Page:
Harry Potter no more. Daniel Radcliffe has shown that he can move on from the 10 years spent as the “Boy Who Lived.”
Now playing widower, father and lawyer Arthur Kipps, he must deal with the angered soul of a dead woman and try to save the children of the village and his own son from her wrath.
While he does a nice job in the film and is pretty believable as a father and lawyer, he doesn’t seem to showcase the depth of the character, and remains a little flat. However the story is good, the scenes are beautiful and the camera angles instill a sense of fear. All of this works to the movie’s favor.
The movie is set back in a time of horse-drawn carriages and dirt roads, where only the wealthiest man in town has a car. Arthur has recently lost his wife and is raising his son alone with a nanny. While on the verge of being fired from his job, he’s sent to sort through a deceased woman’s estate and sell it. All the while, Radcliffe merely looks as if he is in a trance of grief and talks very matter-of-fact to people, with no range of emotion.
Arthur arrives and is met by the strange people in the village who lend him no help. They are adamant about him leaving and staying away from the house to a harsh degree. Ever the business man, though, he ignores the warnings and catches a ride to the estate, now somewhat curious.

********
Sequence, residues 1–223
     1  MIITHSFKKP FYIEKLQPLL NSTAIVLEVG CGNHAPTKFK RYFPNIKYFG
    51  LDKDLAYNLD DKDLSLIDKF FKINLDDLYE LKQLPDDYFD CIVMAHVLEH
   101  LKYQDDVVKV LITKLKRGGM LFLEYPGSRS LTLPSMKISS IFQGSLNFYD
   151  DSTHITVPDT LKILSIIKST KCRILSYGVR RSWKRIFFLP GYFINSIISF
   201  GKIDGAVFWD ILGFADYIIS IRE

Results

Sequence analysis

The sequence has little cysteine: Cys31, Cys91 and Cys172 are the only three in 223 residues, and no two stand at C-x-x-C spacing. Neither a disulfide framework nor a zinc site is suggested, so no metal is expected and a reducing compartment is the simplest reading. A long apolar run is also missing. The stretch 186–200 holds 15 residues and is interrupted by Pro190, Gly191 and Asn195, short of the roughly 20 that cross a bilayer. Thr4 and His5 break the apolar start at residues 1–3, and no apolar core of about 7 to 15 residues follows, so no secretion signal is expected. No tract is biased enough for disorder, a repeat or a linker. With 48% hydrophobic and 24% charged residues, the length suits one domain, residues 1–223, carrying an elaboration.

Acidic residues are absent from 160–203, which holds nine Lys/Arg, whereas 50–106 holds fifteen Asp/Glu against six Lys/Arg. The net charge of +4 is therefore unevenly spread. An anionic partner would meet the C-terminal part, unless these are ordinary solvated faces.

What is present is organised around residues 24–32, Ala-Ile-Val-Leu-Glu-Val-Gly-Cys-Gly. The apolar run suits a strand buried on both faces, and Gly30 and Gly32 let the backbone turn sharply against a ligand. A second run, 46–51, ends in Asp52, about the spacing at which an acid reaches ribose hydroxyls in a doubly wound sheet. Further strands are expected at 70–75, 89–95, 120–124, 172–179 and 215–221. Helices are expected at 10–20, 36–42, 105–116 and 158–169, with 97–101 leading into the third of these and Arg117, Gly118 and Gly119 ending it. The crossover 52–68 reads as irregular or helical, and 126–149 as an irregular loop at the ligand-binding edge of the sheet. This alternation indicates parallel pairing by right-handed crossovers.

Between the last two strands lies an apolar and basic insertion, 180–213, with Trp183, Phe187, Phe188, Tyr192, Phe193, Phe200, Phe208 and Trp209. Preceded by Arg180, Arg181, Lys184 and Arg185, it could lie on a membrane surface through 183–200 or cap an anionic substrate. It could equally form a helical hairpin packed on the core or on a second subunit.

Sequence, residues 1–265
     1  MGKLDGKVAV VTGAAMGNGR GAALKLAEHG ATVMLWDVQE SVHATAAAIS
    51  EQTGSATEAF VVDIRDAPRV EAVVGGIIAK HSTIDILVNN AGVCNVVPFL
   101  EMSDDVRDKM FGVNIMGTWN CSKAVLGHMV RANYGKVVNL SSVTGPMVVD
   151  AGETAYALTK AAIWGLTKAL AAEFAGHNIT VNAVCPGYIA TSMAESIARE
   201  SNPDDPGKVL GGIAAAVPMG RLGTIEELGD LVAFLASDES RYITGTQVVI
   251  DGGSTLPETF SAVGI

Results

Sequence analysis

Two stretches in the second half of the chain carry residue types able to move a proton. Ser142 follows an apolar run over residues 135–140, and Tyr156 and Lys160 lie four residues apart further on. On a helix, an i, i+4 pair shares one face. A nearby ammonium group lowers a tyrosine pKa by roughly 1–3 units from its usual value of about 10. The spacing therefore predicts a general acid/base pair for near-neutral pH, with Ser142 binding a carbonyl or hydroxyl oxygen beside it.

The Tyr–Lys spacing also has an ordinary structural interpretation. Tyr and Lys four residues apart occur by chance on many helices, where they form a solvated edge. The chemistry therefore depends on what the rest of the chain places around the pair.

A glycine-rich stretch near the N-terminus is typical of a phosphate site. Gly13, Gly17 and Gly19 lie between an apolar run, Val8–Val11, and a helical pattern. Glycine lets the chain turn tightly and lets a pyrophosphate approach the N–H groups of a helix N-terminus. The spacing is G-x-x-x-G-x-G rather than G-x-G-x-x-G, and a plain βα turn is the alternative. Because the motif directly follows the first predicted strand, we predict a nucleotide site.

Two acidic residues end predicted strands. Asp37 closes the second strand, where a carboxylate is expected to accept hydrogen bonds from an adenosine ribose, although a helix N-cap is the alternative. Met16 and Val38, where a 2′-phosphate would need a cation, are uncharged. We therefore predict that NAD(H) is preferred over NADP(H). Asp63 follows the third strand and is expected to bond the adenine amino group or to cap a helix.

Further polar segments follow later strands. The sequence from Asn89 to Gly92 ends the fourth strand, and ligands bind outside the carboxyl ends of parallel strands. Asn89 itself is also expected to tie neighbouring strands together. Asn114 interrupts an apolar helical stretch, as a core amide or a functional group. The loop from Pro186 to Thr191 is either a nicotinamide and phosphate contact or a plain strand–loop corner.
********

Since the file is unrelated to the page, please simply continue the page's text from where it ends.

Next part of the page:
Beautiful landscapes haunt the scenes. There is lush vegetation and stunning architecture on a small scale, which really adds to the visual appeal, and brings you into the world where a ghost is lurking.
Right away the titular woman shows herself and begins to terrorize him. Scenes with subdued gray colors, dark rooms foreshadowing ghosts popping out of places, mirrors to add to the effect and loud and abrupt noises make the atmosphere genuinely upsetting and unsettling.
Arthur remains stoic, however. Radcliffe’s performance gives Arthur the feel of a man who’s gone through so much that not even a spectral enemy will phase him. It’s equal parts humble and foolhardy but it works. He’s a near silent character throughout the film, but it’s a strategic move. His instinct to continue sorting through paperwork in order to uncover what’s going on speaks more about his character than simple dialogue would.
As Arthur becomes invested in this woman and the mystery behind her, he tries his best to help the spirit reach peace. Too bad the woman in black wreaks havoc anyway, and with some unfortunate casualties.
The ending is abrupt and a bit of a head-scratcher, but that doesn’t detract from a genuinely creepy film — and that’s sometimes hard to accomplish with a PG-13 rating.Contact Erin Caputo.